I’ve spent a lot of time thinking about the word “courage”. It is the May Touchstone theme for the church and the Religious Exploration program. Weighing on my mind are the citizens of Ukraine trying to brave the war and take care of their families. I am also reminded of our families from Afghanistan who have come to America, many here in Worcester, and the bravery it takes to start anew in unchartered territory. Thankfully there are people like the folks from our Refugee Ministry team who, even with the challenge of language and custom barriers, have been courageously caring for those who need us now.
We had author Wendy O’Leary in to talk about her new book called “Monster Parade.” She asked our RE children how they could have courage to face their big feelings and notice them, and then let them move on by, like in a big parade. This is the type of parade which you don’t need to join in yourself. Oh, if I could only do that easily! If only I’d been taught as a young person: how to make friends with my feelings!
I’ve been speaking to Coming of Age teens about finding the courage to stand up for what they believe and to speak from the heart, being authentic and vulnerable. I ask them to trust that others will see them for who they are and love them. This is easier to talk about than to actually do. Let’s just say I’ve been encouraging courage.
Encourage: ~to inspire with courage, spirit, or confidence:
Courage: ~the ability to do something that frightens one.
~strength in the face of pain or grief.
I wish, when I was younger, that I had more people in my life who were “encouraging courage” for me. Do you ever feel that way? I love that the parents of this community have made a choice to involve their children in our excellent UUCW programming. I know that these are some very lucky children and youth who get to partake. Talk about encouragement. We offer a vast array of it:
Religious Exploration- discovering the layers of the Unitarian Universalist principles and sources and how to live them out in the world.
Lessons of Loss -discussing the reality of death and dying and the interconnectedness of knowing that universally, it is a rite of passage that we all will experience.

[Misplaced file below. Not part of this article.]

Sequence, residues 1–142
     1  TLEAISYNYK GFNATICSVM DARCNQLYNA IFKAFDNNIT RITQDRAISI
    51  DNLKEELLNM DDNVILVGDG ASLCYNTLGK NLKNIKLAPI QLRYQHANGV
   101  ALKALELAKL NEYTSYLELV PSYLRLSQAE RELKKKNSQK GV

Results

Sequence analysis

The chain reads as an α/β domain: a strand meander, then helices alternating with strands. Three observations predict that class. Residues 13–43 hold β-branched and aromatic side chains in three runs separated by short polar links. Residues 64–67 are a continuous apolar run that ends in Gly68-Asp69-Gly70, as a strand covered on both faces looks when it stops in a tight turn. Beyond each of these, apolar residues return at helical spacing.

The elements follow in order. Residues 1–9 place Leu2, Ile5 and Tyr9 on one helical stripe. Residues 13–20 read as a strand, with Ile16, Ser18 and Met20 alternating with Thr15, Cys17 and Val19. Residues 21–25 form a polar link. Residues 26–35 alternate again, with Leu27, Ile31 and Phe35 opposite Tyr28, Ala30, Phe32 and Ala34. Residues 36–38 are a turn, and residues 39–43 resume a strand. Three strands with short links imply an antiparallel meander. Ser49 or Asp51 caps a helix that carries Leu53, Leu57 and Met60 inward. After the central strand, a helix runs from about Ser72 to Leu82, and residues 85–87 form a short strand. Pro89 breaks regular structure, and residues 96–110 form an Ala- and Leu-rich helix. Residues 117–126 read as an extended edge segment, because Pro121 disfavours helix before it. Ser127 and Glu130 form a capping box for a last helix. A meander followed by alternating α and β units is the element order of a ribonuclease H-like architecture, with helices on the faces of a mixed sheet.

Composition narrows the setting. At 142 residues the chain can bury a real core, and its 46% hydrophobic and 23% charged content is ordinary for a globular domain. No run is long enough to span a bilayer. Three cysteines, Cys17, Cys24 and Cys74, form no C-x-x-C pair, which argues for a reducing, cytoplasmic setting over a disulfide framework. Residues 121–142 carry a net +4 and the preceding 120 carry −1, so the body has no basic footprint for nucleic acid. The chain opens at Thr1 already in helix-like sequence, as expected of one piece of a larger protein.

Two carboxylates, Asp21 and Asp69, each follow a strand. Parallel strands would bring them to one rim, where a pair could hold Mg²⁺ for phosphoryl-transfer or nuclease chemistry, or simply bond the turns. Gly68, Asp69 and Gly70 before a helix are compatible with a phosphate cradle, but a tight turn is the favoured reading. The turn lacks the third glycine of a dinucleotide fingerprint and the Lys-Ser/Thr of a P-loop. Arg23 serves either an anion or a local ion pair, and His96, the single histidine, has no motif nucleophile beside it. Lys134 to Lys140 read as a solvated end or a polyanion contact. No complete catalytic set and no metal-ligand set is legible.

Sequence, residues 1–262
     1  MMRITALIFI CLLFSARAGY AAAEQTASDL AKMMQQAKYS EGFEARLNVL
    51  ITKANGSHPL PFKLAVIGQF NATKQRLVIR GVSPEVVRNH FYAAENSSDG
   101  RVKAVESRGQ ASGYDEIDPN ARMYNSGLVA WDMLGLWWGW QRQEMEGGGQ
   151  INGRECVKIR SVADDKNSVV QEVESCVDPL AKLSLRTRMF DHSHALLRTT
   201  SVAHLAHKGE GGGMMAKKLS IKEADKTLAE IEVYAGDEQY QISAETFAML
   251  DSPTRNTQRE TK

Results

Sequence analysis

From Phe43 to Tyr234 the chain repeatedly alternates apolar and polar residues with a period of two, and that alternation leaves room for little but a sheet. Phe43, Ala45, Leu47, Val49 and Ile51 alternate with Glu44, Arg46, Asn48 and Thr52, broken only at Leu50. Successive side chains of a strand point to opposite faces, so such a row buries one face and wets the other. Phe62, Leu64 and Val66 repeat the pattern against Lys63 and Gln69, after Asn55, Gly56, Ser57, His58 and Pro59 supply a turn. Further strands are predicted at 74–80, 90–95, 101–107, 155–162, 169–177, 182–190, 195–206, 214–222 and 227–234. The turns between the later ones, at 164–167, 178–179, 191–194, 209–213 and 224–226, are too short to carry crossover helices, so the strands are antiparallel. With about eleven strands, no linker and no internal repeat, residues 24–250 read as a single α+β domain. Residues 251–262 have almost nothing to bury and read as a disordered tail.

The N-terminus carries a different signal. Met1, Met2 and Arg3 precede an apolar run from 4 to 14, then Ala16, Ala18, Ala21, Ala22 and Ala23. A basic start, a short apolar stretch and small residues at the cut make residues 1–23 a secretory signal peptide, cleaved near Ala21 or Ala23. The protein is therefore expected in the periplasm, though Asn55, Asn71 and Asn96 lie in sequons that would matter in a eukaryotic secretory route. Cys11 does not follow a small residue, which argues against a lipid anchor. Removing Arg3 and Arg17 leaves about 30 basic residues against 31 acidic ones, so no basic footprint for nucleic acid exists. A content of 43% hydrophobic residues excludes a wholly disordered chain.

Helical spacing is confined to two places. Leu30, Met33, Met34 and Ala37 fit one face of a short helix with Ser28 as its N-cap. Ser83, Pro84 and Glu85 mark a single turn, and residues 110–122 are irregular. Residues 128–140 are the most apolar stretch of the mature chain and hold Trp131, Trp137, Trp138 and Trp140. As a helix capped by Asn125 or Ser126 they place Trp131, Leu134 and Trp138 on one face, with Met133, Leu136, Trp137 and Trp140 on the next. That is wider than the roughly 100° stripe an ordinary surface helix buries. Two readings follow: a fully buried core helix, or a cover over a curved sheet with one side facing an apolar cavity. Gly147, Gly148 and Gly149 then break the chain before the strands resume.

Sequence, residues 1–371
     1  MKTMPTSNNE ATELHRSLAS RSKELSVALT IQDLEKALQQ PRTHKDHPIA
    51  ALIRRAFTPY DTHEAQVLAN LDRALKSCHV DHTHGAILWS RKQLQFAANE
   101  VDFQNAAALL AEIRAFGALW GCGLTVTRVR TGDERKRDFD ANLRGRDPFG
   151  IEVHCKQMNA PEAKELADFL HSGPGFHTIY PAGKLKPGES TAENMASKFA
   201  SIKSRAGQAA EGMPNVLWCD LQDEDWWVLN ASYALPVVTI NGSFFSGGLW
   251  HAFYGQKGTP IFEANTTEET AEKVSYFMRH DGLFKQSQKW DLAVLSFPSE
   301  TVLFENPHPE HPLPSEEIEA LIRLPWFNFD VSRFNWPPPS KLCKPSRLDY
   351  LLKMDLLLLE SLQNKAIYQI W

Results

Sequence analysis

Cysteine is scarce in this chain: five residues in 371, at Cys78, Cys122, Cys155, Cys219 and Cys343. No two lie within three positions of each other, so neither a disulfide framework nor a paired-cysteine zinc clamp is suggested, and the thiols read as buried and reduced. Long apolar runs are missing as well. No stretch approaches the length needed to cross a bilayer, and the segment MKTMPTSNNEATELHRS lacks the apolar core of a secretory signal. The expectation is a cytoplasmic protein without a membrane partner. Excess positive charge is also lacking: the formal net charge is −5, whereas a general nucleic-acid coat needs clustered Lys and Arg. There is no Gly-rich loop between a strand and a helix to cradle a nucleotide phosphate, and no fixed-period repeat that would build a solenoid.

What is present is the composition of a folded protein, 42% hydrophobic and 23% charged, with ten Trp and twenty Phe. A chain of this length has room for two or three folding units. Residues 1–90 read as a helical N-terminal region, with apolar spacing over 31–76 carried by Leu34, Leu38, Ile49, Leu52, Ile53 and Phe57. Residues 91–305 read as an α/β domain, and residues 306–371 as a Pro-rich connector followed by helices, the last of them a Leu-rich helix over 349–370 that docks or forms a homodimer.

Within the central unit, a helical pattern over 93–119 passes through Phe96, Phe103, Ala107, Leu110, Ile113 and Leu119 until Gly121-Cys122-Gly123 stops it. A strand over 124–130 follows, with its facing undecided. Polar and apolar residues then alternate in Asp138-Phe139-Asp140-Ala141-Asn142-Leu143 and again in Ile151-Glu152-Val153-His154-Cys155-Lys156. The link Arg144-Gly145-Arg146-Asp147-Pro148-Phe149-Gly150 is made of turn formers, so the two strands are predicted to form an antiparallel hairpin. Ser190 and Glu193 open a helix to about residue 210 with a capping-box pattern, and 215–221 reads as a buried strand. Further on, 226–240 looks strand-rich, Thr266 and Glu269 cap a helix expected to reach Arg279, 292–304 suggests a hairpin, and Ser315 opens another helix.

Our Whole Lives (OWL)– our human sexuality education curricula is offered across the lifespan. This is a sexuality education program that fosters informed, responsible, and values-based decisions about sexual health and behavior. The courage to make good life decisions is fueled by knowledge.
Coming of Age– a year’s worth of introspective exercises coupled with mentored learning which challenge young teens to broaden their thinking while they hang onto their true selves as they rapidly begin their maturing years toward young adulthood.
Youth Group- a beloved group of high school youth who plan, lead, work, volunteer, and have fun connecting together.
And, every one of these programs takes courage to participate in, because they are interactive. Our children are not lined up in rows and asked to memorize. We actively discover things together. It’s a good way for us all to grow (including those who teach and mentor!). I know that it takes time and courage to practice speaking up and sharing what you believe and how you feel. We try to give many different opportunities to practice courage.
Being a part of a church community has given me courage that I never had much of as a young person. Here, I can trust people. I can speak in front of people. I can try my hand at a new skill. I can meet people who I wouldn’t otherwise get to meet- like people who are experiencing homelessness or people who need help with keeping food on their tables. I can speak out about injustices with like-minded people by my side…amplifying my one small voice. All of these things take courage. Who can say that they would seek these experiences all on their own? I know a few, but not a majority and certainly not me. So, I’m thankful that this church community gives us so many opportunities to practice courage and love.
I still find that I am a bit fearful of the unknown…even if it’s really non-scary things like: where will I find a parking space, or how should I be dressed, or will I be able to learn a new technology? I am so very fortunate that I have people in my world now that can encourage me. The reality is that the world is in turmoil for so many. It takes courage beyond anything I can compare to. So, being fearful that I may not find my way on a map is almost laughable, but also, it is real. We are here to encourage people who have come here as refugees from a war-torn country along with the person who is nervous about speaking to their family about their personal beliefs. It is all real. It is all needed. Little victories over one’s fears are not little.
We all need a courage-boost from time to time, as none of us are fearless. All of us, however, have experienced life differently and have had to go through some things. This gives us the ability to be able to stand next to and encourage another. It’s as simple as saying, “I was afraid too, but this is how it worked out for me.” To show empathy, and then to encourage, are things which we can do daily. I believe that the strongest lessons come from our fellow co-journeyers, our community, and our beautiful connections. The ability for us to weave this courageous, interconnected web, encourages me to be strong and brave as I move out into the world.
You Can Do It.
I Believe In You.